The PAP government has often reminded CPF members on the need to be adequately prepared for retirement. But on the other hand, CPF members are encouraged to consume our CPF for housing.
Common sense tells us that the only roof over one’s head isn’t an investment; only a second or multiple properties owned by the rich are investments.
In financing our homes using retirement savings, CPF members should bear in mind the interest cost. Let me illustrate with the example of a 25-year HDB loan @ 2.6% in the table below.
Principle and interest on a 25-year HDB loan (Calculator: SRX Property)
The CPF member consumes $481 every month/$5772 annually/$144,300 over 25 years on housing.
If HDB flat is an investment, it should appreciate by at least 5% over the long term. But this will not happen for a number of reasons.
Using the above example, a $500,000 5-room HDB flat, do you know that a low 4% rate of return means the property value will have to increase to $1.33 million in 25 years?
Even at a meaningless long-term return of 3%, the price will need to increase to above $1 million.
Should property prices skyrocket to such levels, foreign investors will skip Singapore as it will be priced out.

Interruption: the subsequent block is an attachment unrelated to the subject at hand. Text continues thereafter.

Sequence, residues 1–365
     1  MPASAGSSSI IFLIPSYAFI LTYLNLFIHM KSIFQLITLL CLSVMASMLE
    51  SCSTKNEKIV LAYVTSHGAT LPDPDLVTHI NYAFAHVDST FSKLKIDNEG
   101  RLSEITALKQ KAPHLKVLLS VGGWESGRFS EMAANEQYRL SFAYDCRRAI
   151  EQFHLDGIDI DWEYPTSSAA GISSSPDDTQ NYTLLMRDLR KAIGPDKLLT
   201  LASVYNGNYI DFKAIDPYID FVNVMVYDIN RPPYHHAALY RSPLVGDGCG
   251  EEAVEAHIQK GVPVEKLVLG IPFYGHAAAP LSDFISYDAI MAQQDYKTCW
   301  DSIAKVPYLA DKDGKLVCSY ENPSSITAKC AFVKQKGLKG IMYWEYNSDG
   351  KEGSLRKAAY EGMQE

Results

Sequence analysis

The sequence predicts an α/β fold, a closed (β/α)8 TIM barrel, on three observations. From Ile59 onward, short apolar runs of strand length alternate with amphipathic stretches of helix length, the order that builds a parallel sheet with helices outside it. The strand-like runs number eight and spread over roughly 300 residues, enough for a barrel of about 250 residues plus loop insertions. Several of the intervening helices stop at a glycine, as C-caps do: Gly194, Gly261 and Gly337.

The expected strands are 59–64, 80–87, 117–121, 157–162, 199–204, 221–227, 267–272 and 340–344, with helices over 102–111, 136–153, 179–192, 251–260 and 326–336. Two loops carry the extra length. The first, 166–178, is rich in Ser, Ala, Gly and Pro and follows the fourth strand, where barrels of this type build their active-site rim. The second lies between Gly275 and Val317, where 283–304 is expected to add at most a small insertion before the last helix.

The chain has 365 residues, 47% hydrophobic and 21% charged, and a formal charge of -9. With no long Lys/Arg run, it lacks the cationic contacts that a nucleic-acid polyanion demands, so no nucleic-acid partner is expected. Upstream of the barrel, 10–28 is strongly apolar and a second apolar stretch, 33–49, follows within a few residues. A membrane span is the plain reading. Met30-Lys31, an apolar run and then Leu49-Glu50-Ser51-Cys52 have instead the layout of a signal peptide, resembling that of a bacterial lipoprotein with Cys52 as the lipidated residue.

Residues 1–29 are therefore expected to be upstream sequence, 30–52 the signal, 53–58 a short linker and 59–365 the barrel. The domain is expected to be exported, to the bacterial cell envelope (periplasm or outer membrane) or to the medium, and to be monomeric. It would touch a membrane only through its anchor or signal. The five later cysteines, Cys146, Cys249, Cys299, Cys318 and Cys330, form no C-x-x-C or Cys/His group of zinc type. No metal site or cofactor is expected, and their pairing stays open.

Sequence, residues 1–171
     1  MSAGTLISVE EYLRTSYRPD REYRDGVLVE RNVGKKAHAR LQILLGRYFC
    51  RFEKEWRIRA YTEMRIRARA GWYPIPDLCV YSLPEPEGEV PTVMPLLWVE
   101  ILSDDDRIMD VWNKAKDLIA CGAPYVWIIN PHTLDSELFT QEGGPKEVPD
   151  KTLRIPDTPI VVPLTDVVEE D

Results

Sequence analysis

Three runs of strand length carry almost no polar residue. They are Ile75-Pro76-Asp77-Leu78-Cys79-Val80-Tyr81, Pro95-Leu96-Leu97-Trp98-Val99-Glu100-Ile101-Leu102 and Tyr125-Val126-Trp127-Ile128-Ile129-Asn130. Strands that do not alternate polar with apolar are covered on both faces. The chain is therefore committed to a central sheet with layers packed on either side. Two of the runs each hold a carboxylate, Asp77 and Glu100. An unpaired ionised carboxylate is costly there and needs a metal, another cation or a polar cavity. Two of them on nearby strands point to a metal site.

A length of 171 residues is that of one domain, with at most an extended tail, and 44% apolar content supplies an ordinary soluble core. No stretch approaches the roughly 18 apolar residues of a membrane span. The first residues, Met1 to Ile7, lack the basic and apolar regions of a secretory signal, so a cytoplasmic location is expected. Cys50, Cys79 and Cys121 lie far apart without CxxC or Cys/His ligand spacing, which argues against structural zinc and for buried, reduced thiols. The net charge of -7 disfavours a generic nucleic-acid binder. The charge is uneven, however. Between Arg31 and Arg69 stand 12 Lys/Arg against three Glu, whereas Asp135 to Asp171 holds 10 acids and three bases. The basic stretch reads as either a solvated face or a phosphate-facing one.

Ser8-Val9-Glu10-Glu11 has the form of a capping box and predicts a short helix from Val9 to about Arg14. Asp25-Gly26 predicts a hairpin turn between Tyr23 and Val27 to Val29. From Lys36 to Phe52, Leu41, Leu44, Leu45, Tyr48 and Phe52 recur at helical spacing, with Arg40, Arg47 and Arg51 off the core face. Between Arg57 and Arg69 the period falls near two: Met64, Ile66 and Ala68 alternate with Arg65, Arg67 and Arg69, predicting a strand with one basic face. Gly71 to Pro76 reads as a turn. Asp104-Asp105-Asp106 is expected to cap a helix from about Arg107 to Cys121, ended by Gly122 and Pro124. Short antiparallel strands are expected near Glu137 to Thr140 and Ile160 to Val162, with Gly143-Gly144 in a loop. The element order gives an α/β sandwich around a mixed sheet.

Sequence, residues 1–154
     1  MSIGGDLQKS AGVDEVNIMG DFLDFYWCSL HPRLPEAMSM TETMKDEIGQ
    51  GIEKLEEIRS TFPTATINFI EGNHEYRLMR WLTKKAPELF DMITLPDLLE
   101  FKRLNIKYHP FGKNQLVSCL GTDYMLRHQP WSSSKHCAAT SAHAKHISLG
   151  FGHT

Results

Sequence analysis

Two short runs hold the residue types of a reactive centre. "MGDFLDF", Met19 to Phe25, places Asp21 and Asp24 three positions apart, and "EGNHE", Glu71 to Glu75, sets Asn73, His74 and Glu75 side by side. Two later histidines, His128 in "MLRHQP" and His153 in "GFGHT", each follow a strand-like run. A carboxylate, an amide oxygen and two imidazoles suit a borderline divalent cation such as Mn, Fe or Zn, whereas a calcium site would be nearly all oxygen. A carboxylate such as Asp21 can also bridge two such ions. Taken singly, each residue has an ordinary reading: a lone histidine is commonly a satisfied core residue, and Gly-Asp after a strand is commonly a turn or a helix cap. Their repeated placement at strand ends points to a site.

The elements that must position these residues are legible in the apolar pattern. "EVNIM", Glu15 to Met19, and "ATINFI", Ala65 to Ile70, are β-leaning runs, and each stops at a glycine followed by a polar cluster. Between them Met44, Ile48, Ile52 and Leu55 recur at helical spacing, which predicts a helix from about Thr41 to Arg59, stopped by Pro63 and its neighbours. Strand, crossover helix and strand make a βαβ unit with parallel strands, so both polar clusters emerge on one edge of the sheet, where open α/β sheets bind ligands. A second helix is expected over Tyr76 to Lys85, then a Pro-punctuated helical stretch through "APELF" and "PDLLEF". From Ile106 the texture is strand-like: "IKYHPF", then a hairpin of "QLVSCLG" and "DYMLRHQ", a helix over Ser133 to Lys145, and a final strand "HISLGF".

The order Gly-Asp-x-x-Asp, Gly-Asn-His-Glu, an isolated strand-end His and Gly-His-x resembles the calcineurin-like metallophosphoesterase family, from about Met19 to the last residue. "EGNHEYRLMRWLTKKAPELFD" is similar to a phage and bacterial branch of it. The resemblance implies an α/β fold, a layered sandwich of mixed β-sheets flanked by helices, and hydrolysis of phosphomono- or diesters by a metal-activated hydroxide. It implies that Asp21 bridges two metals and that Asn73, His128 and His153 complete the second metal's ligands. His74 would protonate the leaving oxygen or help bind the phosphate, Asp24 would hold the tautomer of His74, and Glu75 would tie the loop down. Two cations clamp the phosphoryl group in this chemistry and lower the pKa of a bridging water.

It is illogical to extrapolate from last century’s property prices as we are in a totally different cycle.
Anyway, MND’s Lawrence Wong has also confirmed that HDB lessees will have to return their flats to the government when their leases eventually run out: HDB flats will be worth $kosong. Property Guru
Lau Goh’s and LKY’s asset enhancement hogwash has now been exposed by Lawrence. CPF members who purchase old HDB flats will see their CPF totally wiped out when the HDB lease runs out.
As mentioned, the current situation is vastly different because flats are ageing fast. More than half a million HDB flats, give or take, will be 40 years or older by 2025, 50 years or older by 2035.
Which $500,000 HDB flat today will be able to generate peanuts investment return of 3% when more than 600,000 50-years old HDB flats will be lelonged in 25 years’ time?
A big chunk of CPF used for housing will be wiped out at retirement due to interest paid to banks/HDB.
If a HDB flat today cannot even generate peanuts 3% long-term return, can this be considered an investment? Only a fool should believe in PAP’s hogwash.
The only roof over one’s head is our home, not an investment.